Determination of carbonate-C in biochars

Research output: Contribution to journalArticle

Abstract

Although carbonate-carbon (C), an integral part of biochar-C, contributes to the liming properties of that material, it also interferes with the estimation of the stable organic C fraction in biochars. In this study, four methods were compared in order to quantify the carbonate-C in biochars: two direct (a titrimetric procedure and thermogravimetric analysis, TGA), and two indirect (acid treatment with separation by filtration and acid fumigation). The titrimetric method showed a high recovery of added carbonate-C (average 98.8%, range 1.5-38 mg), and the standard deviations of carbonate-C for all biochars tested were <0.1% when 1 g of sample was used. The acid treatment with a filtration step overestimated the carbonate-C content (on average by a 4-fold increment) due to the loss of dissolved or fine particulate organic C during filtration. The acid fumigation method was suitable for biochars containing high amount of carbonate-C (>0.3% wt) and when the isotopic signature of organic C in biochars is to be determined. The TGA method (either in N-2 or a dry air atmosphere) was reliable when calcite was the main carbonate form in biochars, but was inadequate for samples containing a considerable amount of whewellite and certain carbonate-bearing minerals (e. g. magnesite) that decompose at <600 degrees C. Because more than half of the biochar samples investigated in the literature and in this study (58% of the 117 samples) contained <0.4% carbonate-C (and 38% of these contained no detectable carbonate-C), low-cost screening methods were developed to identify the biochars needed for carbonate-C analysis. For this purpose, two methods were proposed: (i) a manometric test; and (ii) a ratio between predicted fixed C : total C (FC/TC) and measured FC/TC, where predicted FC/TC was estimated using the following relationship: (FC/TC) = -0.1081(H/C)(2) - 0.1794(H/C) + 1.0097, as derived from values obtained in the literature. A decision tree, including two steps (a screening step and a titrimetric procedure) could be used to determine accurately the carbonate-C in biochars.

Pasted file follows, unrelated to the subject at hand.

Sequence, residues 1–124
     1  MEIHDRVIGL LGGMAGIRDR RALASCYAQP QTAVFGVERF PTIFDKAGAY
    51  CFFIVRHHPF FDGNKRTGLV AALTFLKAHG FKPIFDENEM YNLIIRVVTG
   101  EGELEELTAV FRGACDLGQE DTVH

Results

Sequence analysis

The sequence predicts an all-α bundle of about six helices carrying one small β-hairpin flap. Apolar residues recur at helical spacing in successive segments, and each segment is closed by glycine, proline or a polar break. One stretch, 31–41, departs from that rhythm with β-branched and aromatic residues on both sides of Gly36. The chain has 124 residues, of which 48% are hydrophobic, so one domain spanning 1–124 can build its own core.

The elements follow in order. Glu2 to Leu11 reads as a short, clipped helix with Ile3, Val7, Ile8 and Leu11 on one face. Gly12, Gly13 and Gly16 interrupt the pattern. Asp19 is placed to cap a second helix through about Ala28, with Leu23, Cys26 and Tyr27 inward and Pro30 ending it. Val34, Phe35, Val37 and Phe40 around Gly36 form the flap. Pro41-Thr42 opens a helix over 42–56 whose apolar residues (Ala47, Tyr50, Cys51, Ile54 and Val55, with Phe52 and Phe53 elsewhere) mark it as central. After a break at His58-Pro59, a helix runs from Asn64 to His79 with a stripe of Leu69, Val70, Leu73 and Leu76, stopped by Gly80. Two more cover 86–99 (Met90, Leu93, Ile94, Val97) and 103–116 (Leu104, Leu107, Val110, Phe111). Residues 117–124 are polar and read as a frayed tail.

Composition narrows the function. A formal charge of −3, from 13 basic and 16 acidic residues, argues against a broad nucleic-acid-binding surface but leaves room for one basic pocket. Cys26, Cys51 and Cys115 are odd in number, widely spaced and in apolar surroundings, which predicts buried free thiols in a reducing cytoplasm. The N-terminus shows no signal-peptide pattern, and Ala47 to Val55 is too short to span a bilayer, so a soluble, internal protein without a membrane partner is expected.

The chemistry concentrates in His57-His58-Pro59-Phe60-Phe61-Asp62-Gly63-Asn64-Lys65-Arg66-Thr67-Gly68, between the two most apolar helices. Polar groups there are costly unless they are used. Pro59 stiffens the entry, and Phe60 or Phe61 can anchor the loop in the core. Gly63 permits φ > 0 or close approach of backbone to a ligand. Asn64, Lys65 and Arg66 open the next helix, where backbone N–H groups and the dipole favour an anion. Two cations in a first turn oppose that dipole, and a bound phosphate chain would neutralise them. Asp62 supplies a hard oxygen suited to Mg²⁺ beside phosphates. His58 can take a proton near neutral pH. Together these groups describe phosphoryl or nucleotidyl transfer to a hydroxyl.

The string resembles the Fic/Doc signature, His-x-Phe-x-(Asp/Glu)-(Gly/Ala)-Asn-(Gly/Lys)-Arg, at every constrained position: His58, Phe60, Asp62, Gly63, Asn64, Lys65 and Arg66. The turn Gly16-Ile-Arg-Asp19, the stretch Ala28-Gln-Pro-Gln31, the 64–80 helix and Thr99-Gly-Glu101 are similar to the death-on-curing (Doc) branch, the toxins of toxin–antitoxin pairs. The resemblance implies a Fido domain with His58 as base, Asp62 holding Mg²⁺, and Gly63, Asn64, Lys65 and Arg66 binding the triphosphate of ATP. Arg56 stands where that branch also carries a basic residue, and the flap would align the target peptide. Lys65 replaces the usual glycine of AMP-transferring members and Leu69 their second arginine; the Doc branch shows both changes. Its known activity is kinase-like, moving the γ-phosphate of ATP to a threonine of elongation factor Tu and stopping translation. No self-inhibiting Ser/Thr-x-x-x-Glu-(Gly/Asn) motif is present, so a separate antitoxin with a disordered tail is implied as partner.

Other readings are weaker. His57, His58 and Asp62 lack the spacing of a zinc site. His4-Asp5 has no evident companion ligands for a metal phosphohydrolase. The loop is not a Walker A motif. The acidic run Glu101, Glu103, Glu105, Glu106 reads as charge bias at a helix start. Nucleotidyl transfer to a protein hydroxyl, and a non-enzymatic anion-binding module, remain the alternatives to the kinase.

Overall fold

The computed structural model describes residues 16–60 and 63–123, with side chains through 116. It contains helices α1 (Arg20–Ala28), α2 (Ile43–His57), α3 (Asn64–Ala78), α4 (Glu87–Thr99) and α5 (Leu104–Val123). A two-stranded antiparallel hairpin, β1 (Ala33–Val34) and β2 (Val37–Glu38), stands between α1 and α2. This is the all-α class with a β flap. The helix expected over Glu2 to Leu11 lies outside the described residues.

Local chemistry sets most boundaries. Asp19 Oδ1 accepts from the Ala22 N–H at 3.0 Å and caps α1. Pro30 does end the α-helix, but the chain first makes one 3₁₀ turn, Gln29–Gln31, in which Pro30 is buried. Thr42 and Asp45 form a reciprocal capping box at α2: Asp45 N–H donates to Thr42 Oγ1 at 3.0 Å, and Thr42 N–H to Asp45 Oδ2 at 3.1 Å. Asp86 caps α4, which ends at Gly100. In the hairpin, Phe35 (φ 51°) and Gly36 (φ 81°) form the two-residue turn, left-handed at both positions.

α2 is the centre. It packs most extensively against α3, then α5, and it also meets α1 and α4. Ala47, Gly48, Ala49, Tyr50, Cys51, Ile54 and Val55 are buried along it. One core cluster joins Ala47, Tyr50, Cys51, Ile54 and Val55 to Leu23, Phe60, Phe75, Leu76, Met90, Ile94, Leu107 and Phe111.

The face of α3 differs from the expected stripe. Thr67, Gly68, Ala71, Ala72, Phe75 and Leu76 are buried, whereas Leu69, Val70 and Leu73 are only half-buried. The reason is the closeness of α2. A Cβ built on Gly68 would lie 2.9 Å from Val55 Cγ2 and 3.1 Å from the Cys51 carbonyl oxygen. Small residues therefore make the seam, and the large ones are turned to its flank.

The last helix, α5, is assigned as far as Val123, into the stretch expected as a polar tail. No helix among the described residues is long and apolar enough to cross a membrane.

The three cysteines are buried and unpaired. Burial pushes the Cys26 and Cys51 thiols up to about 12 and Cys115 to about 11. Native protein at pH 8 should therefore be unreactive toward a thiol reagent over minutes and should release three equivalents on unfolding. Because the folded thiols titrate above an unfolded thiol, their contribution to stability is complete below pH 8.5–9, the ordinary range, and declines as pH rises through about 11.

Details

Authors
  • Tao Wang
  • Marta Camps-Arbestain
  • Mike Hedley
  • Bhupinder Pal Singh
  • Roberto Calvelo-Pereira
  • Congying Wang
Organisations
External organisations
  • Massey University
Research areas and keywords

Subject classification (UKÄ) – MANDATORY

  • Other Agricultural Sciences
Original languageEnglish
Pages (from-to)495-504
JournalSoil Research
Volume52
Issue number5
Publication statusPublished - 2014
Publication categoryResearch
Peer-reviewedYes

Bibliographic note

5